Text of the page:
On Friday, New York Times columnist Paul Krugman declared that President Obama’s almost complete avoidance of the budget deficit in his inauguration address “was just the latest sign that the self-styled deficit hawks — better described as deficit scolds — are losing their hold over political discourse. And that’s a very good thing.”

Why does Krugman say this? He claims the evidence just isn’t there to support concerns about the federal budget.

The entire column is full of fallacies and falsehoods, but here are two particularly egregious ones that are easily taken down:

According to Krugman, the first bit of evidence is the lack of fiscal crisis facing America in the moment:

First, they have cried wolf too many times. They’ve spent three years warning of imminent crisis — if we don’t slash the deficit now now now, we’ll turn into Greece, Greece, I tell you. It is, for example, almost two years since Alan Simpson and Erskine Bowles declared that we should expect a fiscal crisis within, um, two years.

But that crisis keeps not happening. The still-depressed economy has kept interest rates at near-record lows despite large government borrowing, just as Keynesian economists predicted all along. So the credibility of the scolds has taken an understandable, and well-deserved, hit.

This is a fair point – depressed interest rates have kept federal interests at record lows. However, that doesn’t mean interest payments are low. In fact, in the 2011 fiscal year, interest payments were $454 billion, or 12.5% of the federal budget. This is not exactly small change, and as the debt grows this dollar value will go up.

Krugman is also correct that the depressed economy has kept interest rates low. Taken at face value, it appears Krugman is almost cheering the lack of jobs and economic growth in the country, since it has kept interest rates low. This despite writing just last week that “neither the current deficit nor projected future spending deserve to be anywhere near the top of our political agenda. It’s time to focus on other stuff — like the still-depressed state of the economy and the still-terrible problem of long-term unemployment.”

Next, Krugman’s argument essentially claims the current the economic depression is being caused by too little spending. This ignores how much federal spending has increased since 2007. According to the Office of Management & Budget (the White House’s accounting arm, for all intents and purposes), the federal budget went from $2.66 trillion in Fiscal Year 2006 to $3.52 trillion in 2009 to slightly over $3.8 trillion in 2012. That’s not exactly small change, and it doesn’t even include the $7.7 trillion in loans the Federal Reserve made once the financial crisis hit.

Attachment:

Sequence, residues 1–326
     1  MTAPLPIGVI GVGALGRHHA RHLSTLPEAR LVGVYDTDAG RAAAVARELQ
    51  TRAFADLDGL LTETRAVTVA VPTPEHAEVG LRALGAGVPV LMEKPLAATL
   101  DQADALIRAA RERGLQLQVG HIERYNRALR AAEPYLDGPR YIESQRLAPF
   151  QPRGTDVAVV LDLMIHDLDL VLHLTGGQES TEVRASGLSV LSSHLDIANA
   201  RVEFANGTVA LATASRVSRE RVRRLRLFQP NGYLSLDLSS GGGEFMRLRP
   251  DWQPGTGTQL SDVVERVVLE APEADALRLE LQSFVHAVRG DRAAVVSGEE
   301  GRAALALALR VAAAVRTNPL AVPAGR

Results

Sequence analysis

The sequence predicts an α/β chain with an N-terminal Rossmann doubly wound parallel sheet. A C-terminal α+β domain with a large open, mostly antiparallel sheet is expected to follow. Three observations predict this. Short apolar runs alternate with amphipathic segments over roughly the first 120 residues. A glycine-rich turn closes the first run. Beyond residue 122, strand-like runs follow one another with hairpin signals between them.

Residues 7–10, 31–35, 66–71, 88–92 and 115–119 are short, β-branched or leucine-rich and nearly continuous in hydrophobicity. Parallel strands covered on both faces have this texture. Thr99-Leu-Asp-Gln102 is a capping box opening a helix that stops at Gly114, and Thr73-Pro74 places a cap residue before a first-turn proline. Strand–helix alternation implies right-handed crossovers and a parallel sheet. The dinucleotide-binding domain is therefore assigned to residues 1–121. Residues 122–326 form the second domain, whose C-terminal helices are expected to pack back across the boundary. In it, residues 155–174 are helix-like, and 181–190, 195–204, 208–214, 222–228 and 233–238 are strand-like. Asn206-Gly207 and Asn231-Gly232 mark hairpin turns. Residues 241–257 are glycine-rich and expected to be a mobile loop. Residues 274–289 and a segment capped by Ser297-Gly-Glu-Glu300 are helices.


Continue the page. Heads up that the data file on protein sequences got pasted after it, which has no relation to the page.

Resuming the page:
Krugman’s second major fallacy is regarding the debt problem itself:

Second, both deficits and public spending as a share of G.D.P. have started to decline — again, just as those who never bought into the deficit hysteria predicted all along.

The truth is that the budget deficits of the past four years were mainly a temporary consequence of the financial crisis, which sent the economy into a tailspin — and which, therefore, led both to low tax receipts and to a rise in unemployment benefits and other government expenses. It should have been obvious that the deficit would come down as the economy recovered. But this point was hard to get across until deficit reduction started appearing in the data.

Now it has — and reasonable forecasts, like those of Jan Hatzius of Goldman Sachs, suggest that the federal deficit will be below 3 percent of G.D.P., a not very scary number, by 2015.

Again, Krugman hides his misleading statements behind some truth. It is accurate to say some of the major deficits of the last few years were largely related to temporary spending in unemployment benefits, bailouts, etc. as well as a lack of tax revenues as people lost work. However, if the bailouts were supposed to be a temporary fix, why hasn’t this “temporary” increase of spending reversed, especially since the recession officially ended in June 2009? Over three years later, evidence tells us Washington has no intention of reducing those spending levels.

Perhaps most frustrating of all is Krugman’s unwillingness to recognize the long-term impact of current fiscal policies. Here is what he wrote last week: “Now, projections that run further into the future do suggest trouble, as an aging population and rising health care costs continue to push federal spending higher.”

If by “suggest trouble” Krugman means “point out we really are facing a fiscal crisis,” he is absolutely correct. To quote the Treasury Report this blog highlighted last week about the coming debt-to-GDP ratio:

[The public debt-to-GDP] ratio was 73 percent at the end of FY 2012 and under current policy is projected to grow to 78 percent in 2022, 145 percent in 2042, and 395 percent in 2087. While these projections are subject to considerable uncertainty, the debt-to-GDP ratio would continue to rise unsustainably under current policy.

In other words, even President Obama’s own Treasury Department – by proxy, President Obama himself – admits the debt is a problem. Additionally, the report shows the debt-to-GDP ratios Krugman crows about will begin reversing themselves in the very near future.

As the new Congress and President Obama debate sequestration, the debt ceiling, and the federal budget, the American people need to know the facts. Unfortunately, Paul Krugman appears willing and ready to frequently mislead and misstate facts a winner of the Nobel Prize in Economics should know.